Mar 18, 2012

Conversations with other women, 2005

Conversations with other women, 2005
Director: Hans Canosa
Cast: Aaron Eckhart, Yuri Tsykun, Helena Bonham Carter

Stage: Home theatre, late Friday night without a better idea.

Conversations in short:
A man runs into a woman at a wedding. They start to flirt and talk and find that they get along. Throughout their discussion, the man talks about certain memories as if they were common to the two of them. We gradually learn that there may have been a previous connection between these two when they were younger. This just leaves more questions as their past is slowly revealed.

Preps: Well, just got off the Artist and I need a mindstretch. I cannot know what is on TV and am definitely not aware what these conversations are about, never heard about it, though it seems like one of lately made pieces. The title is interesting enough to sparkle my interest.

Reality: Partly dissappointed in the first 20 minutes, partly surprised. The surprise is in the photography and the cut photos you see (different aspects of the camera), showing either the same scene 20 years ago, same scene as it could have been, or a different angle of the same scene, happening now. Freezing panel makes you distracted and you are admiring it, stretching your brain cells to figure out what kind of a game is this and what are you supposed to watch, you are asking yourself, while you are running through different scenes.
Luckily enough, the plot is quite simple. two people flirting, ending up in bed, trying to make a big deal out of it. Which is predictable, because they both have a relationship. I believe this piece isn't really the director making you observe the story. It is about the director trying to put different angles inside. And making it brilliantly. I strongly believe also that the distortion / mess he's made with this idea, makes all the viewers think about the next separated photo they are going to see on the screen, instead of watching the movie. A great dillusion, watching the same two people as if they were 20 years younger, having the affair they are talking about right at the present moment of the movie.
On the other hand, it's supposed to make you think before you act, it's supposed to make you believe that the choices you make in your life, should lead you also when you are not in the room with the present choice. Put it differently, the movie makes us think that passion surpasses all decisions you have made with a sane mind, without emotional aspect.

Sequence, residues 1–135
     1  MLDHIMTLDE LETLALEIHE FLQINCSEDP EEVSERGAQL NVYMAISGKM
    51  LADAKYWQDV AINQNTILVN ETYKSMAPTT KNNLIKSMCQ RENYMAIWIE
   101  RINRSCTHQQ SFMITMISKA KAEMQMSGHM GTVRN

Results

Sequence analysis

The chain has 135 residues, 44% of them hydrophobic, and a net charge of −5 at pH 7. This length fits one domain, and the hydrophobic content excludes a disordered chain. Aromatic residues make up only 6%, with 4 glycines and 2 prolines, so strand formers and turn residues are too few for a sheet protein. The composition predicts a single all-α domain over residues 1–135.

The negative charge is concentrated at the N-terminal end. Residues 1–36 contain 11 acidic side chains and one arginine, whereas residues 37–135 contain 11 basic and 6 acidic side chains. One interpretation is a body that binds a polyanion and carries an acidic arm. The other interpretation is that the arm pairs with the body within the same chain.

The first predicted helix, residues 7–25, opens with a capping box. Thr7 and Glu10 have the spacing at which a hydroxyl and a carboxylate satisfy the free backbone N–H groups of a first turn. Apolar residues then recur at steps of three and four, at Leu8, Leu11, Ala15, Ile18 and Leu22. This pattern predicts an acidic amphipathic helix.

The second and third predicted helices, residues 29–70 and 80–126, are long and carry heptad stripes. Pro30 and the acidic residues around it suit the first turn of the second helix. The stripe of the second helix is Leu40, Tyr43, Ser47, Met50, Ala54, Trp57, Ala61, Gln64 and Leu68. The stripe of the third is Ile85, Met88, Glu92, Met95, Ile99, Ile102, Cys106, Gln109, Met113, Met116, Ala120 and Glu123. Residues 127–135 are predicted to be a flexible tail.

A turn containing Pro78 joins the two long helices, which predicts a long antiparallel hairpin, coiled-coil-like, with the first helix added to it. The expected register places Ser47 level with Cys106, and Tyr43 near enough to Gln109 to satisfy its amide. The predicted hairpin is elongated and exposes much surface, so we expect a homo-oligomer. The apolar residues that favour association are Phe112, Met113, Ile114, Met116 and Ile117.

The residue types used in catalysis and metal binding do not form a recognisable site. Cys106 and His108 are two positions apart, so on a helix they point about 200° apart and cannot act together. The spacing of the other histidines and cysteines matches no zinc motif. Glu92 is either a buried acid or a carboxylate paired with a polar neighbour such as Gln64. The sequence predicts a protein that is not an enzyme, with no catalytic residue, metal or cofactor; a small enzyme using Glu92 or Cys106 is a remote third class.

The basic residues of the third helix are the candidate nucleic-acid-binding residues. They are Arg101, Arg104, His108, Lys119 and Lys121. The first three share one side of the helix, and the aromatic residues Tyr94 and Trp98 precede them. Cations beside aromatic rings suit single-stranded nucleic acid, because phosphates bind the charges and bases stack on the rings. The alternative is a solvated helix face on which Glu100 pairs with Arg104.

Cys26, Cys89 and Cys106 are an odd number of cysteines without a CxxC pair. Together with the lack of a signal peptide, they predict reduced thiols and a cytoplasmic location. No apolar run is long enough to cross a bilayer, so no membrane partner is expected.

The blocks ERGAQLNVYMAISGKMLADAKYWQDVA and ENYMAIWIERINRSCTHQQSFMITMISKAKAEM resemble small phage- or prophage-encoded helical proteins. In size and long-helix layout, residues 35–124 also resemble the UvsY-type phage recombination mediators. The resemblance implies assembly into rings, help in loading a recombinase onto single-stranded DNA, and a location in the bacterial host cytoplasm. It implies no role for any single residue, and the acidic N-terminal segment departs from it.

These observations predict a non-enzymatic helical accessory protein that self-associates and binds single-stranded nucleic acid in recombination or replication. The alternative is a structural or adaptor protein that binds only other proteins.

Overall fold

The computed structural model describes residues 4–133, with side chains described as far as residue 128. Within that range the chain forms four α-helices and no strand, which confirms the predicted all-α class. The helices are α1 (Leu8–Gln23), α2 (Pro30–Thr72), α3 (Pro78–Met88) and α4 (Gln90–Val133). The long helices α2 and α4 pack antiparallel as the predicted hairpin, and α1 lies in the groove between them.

I can personalize with the idea, because to me passion in a fling, relationship or marriage, is vital. If you lose it, you can become a victim to the next passionate moment or challenge, that walks by just in that moment. Regardless of the fact, that you are spoken for. In this sense, I am trying to keep it with all my energy to avoid such situations as the one in this movie. I get the "take the opportunity as it comes along.. or grab the bullet by his horn", nevertheless I think that two adults are responsible or should be held responsible for all the decisions they make.
Now, I certainly think this isn't the path the viewer is going to walk, when he/she sees the movie. Instead of thinking of relationships and their worth, the viewer will check out the different aspects of the movie, photography, scenography, and will try to compare the young lover images with the present ones. Especially women could do this more intensively. Therefore, I believe it's a shame the director took all the extra mile to do these scenes, but in a long run I believe they hurt the inner energy of the movie.
The talk between the two in this short time is, however, remarkable. Some of the greatest things one should learn to tell to another person /partner. Some of the best said sentences in a couple, or old couple. Which are often a failure case, because noone thinks it's not rude to tell the truth.

My personal rating: 6,0 (solid, interesting to watch. Tries to be something like Burn after reading, in the intelligent sense, but fails. I like different perspectives of one scene, however, they drag my attention from the real flow of the story).

Conversations on IMDB

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